(6) This Manual must be read and complied with by all personnel involved in research, animal care and use, including but not limited to Chief Investigators, Investigators (teachers and Researchers, including students), veterinary staff, Research Ethics and Integrity Unit staff, BioResearch Facilities staff, and the Animal Care and Ethics Committee.
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Section 5 - Document Specific Definitions
(7) In the context of this Manual, the following definitions apply:
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- “Acclimatisation period” means the length of time given to animals that are newly received by the University for physiological, behavioural and nutritional acclimatisation prior to their use in a research project. This period is a minimum of 5 days and is routinely between 5 and 7 days, unless otherwise approved by the ACEC.
- “Animal” means any live non-human vertebrate (that is, fish, amphibians, reptiles, birds, and mammals, encompassing domestic animals, purpose-bred animals, livestock, wildlife) and cephalopods.
- “Animal husbandry check” means the daily process conducted by BioResearch Facilities staff to ensure animals have food, water, and an appropriate environment. Animal husbandry checks do not include monitoring for predicted adverse effects or completing a Monitoring Checklist.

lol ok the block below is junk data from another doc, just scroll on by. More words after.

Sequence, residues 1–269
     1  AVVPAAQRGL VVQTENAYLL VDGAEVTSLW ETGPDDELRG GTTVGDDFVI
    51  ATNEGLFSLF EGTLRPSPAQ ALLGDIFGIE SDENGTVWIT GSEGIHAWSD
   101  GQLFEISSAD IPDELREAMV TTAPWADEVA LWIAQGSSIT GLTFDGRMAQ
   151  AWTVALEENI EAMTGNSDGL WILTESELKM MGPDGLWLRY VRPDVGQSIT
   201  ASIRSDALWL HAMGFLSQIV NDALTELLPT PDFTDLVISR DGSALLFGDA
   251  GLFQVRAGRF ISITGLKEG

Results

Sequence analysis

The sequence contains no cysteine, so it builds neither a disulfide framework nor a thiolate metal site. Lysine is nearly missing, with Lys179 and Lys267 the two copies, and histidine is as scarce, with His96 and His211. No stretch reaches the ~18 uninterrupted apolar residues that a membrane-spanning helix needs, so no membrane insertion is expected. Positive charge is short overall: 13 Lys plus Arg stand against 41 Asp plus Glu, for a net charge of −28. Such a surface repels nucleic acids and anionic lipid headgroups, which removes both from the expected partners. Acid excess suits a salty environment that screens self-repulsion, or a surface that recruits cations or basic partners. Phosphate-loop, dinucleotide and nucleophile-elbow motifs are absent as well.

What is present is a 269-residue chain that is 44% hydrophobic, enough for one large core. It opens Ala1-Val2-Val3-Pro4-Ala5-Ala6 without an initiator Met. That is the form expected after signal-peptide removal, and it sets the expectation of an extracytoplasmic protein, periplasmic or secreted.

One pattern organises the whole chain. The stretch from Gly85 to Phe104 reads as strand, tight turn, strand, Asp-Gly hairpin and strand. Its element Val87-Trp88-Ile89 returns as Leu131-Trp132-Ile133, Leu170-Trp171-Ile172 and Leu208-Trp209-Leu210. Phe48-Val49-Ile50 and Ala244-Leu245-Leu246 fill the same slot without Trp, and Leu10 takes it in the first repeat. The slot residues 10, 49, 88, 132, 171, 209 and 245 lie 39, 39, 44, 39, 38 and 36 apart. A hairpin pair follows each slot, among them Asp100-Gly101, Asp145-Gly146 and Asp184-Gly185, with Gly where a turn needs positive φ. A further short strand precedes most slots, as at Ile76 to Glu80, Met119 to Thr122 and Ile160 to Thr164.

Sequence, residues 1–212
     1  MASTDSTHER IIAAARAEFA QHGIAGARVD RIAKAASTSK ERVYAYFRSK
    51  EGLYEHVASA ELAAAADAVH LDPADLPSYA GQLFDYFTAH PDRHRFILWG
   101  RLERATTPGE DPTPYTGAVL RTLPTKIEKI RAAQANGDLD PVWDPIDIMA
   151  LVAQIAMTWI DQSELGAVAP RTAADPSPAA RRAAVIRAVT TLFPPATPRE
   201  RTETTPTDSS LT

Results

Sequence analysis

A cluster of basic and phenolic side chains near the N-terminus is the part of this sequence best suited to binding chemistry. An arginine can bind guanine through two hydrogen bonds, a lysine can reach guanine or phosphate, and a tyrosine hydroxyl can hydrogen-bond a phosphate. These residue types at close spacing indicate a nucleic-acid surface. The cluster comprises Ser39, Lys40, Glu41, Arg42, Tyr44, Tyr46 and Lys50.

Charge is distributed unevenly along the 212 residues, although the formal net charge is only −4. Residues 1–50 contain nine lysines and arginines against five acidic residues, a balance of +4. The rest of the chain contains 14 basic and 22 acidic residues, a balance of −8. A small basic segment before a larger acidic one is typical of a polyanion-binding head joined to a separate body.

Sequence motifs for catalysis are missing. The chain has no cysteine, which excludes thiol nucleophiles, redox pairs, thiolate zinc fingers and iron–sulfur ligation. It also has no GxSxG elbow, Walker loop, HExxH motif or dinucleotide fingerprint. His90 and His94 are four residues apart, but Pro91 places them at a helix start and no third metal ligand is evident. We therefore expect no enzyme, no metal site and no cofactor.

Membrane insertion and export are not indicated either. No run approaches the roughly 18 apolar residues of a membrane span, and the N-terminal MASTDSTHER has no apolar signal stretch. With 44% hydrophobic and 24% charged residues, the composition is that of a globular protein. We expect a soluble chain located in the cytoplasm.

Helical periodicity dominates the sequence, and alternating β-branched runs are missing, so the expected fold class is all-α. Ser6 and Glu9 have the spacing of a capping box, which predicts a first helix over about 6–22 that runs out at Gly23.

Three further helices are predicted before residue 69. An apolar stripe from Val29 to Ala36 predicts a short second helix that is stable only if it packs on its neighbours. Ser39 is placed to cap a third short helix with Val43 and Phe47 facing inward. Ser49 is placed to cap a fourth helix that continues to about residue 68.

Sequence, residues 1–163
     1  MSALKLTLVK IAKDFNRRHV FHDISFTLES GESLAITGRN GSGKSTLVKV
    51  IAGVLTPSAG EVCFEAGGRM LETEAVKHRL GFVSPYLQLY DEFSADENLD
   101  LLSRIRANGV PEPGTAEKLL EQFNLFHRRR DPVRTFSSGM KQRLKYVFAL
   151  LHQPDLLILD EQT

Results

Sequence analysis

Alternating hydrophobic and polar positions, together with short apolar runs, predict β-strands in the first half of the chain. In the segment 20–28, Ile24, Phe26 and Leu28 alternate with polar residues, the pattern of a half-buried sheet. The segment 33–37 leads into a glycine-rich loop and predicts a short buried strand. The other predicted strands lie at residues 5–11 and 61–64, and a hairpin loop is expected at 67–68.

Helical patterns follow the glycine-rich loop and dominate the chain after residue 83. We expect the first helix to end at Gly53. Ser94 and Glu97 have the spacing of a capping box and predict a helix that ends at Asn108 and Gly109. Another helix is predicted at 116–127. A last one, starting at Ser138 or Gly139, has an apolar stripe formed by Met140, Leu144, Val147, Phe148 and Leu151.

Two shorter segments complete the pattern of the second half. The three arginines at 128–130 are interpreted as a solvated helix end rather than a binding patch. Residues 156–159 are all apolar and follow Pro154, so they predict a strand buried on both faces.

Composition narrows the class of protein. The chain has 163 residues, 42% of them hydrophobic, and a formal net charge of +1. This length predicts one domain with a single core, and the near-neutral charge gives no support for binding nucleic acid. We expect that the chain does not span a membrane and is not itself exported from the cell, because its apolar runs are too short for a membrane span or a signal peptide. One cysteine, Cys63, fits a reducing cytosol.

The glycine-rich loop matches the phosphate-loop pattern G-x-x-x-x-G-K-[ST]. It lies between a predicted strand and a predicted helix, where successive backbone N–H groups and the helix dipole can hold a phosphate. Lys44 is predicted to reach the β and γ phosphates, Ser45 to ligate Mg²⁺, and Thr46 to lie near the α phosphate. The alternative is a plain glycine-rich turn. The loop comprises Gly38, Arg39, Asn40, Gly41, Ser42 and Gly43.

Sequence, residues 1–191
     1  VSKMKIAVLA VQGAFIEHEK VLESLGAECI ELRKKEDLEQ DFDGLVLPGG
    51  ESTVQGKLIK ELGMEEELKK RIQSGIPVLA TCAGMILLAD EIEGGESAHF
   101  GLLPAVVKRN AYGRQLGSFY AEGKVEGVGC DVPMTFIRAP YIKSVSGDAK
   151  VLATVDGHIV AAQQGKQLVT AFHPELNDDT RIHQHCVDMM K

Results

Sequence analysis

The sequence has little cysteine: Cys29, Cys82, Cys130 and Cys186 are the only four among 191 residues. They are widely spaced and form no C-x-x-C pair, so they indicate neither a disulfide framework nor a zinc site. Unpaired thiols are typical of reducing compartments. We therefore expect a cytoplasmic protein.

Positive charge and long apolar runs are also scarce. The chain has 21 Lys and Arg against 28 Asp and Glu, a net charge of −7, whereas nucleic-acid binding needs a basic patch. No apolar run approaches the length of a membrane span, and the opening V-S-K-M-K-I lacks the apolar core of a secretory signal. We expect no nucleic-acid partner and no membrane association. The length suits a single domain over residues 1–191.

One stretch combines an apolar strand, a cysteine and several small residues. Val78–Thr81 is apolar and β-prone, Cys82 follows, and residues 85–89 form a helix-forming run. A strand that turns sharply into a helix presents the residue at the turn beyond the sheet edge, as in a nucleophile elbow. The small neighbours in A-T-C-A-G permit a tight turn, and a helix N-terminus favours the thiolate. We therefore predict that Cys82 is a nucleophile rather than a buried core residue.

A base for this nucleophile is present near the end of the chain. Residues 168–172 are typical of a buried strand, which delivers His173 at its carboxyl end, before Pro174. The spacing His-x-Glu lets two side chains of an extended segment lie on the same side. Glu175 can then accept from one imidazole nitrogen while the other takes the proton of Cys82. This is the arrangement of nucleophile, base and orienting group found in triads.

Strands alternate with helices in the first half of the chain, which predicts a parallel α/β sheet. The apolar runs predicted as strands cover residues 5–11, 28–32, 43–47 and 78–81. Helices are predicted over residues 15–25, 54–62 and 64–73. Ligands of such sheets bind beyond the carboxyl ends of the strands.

- “Animal Research Authority” means an authority issued to any individual to carry out animal research for the purpose of a particular research project (as outlined in the Act, Clause 25). The authority is issued by an accredited research establishment, in this case, the University.
- “Competent” as defined in the Code, means the consistent application of knowledge and skill to the standard of performance required regarding the care and use of animals. It embodies the ability to transfer and apply knowledge and skill to new situations and environments.
- “Investigator” means any person who uses animals for scientific purposes. It includes Researchers, teachers, undergraduate and postgraduate students involved in research projects, and people involved in product testing, environmental testing, production of biological products and wildlife surveys.
Section 6 - Animal Research Policy
Part A - The Animal Care and Ethics Committee
(8) The University:
- has established the Animal Care and Ethics Committee (ACEC), which is directly responsible to the Vice-Chancellor;
- ensures, through the ACEC, that all animal research conducted at the University complies with relevant legislation, national guidelines, and codes;
- provides the ACEC with the resources and authority to fulfill its terms of reference and operate as set out in the legislation; and